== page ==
Air decking in blasting enables explosive energy to act repeatedly in separate pulses on the surrounding rock mass, rather than instantly, as in concentrated charge blasting. Varidrill director Steve Gilmartin reveals how air decking can reduce carbon emissions and provide other benefits in blasting.
The issue of climate change and reducing our carbon footprint is high on everyone’s environmental agenda. This article explains how the carbon dioxide (CO2) produced in a quarry blast can be calculated and offers some ideas on how it can be reduced. For simplicity, ammonium nitrate/fuel oil (ANFO) has been used as the main explosive. Bulk and cartridge explosives will give slightly different results, but as ammonium nitrate forms a large percentage of most commercial explosives, the following will provide a reasonable base to work from.
Explosives work by producing large quantities of gases. ANFO mixed in the standard proportion of 94 per cent ammonium nitrate (AN) to six per cent fuel oil (FO) will produce water in the form of steam, nitrogen and CO2. The quantity of CO2 produced can be calculated by adding up the molecular weights of the chemical reaction between the FO and the AN. Thus, every tonne of ANFO used produces 176kg of CO2.
As a practical example, a quarry producing one million tonnes of rock per year, using ANFO with a blast ratio (BR) of seven tonnes per kilogram, would require 143 tonnes of ANFO, producing around 25 tonnes of CO2.
However, if the BR was at the lower end, eg four tonnes per kilogram, that would require 250 tonnes of ANFO, producing some 44 tonnes of CO2, a 76 per cent increase in emissions. Thus, the BR can have a significant impact on the carbon footprint as well as fragmentation.
Any well run quarry should already be maximising its BR to ensure optimum fragmentation, good floor conditions, face stability and to reduce its carbon footprint. But has air decking been considered?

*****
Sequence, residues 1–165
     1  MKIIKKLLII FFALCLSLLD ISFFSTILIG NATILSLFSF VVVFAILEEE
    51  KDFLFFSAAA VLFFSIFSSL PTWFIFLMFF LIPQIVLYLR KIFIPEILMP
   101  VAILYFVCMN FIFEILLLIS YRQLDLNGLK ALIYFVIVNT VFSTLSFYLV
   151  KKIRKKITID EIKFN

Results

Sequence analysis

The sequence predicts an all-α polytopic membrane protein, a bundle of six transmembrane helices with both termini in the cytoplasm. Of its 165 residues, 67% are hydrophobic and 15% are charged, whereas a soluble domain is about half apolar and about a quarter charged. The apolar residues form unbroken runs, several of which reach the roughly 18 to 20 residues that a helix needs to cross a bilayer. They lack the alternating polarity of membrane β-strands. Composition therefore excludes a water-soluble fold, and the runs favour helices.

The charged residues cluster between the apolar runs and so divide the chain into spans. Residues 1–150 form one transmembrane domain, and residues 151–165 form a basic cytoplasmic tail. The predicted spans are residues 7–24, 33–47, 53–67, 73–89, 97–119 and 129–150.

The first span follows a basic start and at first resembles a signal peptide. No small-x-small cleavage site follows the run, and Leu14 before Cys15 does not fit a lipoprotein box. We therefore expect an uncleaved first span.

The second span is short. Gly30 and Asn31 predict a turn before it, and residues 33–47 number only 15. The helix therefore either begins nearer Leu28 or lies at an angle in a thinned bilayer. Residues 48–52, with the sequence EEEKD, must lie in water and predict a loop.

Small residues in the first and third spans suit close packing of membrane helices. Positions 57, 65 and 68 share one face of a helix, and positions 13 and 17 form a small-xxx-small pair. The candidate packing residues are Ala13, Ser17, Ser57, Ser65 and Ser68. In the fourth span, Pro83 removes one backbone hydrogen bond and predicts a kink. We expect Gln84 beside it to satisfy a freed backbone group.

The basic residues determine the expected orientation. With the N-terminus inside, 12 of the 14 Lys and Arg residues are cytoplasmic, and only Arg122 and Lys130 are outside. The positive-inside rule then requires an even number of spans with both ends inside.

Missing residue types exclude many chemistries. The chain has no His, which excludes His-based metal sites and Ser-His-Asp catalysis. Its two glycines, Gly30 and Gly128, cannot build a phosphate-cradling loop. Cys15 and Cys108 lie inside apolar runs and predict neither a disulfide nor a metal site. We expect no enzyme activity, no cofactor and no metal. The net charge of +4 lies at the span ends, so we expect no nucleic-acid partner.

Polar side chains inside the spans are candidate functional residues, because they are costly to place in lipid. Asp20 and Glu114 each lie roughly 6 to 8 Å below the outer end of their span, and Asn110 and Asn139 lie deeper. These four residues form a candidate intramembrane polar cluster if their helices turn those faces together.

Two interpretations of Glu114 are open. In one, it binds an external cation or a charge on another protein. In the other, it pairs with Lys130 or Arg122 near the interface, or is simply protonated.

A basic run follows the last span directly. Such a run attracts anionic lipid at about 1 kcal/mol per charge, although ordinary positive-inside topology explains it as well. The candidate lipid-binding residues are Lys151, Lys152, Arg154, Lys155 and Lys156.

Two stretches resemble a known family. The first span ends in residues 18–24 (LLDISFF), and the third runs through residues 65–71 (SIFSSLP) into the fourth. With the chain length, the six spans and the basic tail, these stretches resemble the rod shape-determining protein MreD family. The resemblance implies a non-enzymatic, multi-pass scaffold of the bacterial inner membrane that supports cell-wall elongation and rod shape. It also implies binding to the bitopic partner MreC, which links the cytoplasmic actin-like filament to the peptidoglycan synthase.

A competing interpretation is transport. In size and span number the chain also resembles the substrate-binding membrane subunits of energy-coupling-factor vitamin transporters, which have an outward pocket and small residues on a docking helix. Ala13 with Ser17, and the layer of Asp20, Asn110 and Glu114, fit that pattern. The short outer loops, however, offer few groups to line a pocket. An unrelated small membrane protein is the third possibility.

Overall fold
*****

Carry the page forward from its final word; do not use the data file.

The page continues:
When explosives are detonated in a blasthole they produce a single high amplitude stress wave which crushes the blasthole and moves further into the surrounding rock, producing a crack mechanism. During or after the stress wave propagation, high temperature/pressure gases assist and extend the crack formation and produce the expansion and movement of the rock mass. The blasthole pressure produced by commercial explosive is far in excess of that required to fracture the rock, so if explosive weight can be reduced without compromising fragmentation, floor conditions or final wall stability, this would offer advantages to the quarry operator. By incorporating an air column (air deck) above or within the explosive column, secondary or multiple stress waves are produced which extend the duration of their action, thus increasing the extent of crack propagation.
The reduced blasthole pressure caused by the air deck is still capable of creating an extended fracture system plus sufficient high pressure gas to obtain the desired amount of ground movement. The lower peak blasthole pressure reduces the loss of explosive energy associated with excessive crushing of the rock adjacent to the blasthole.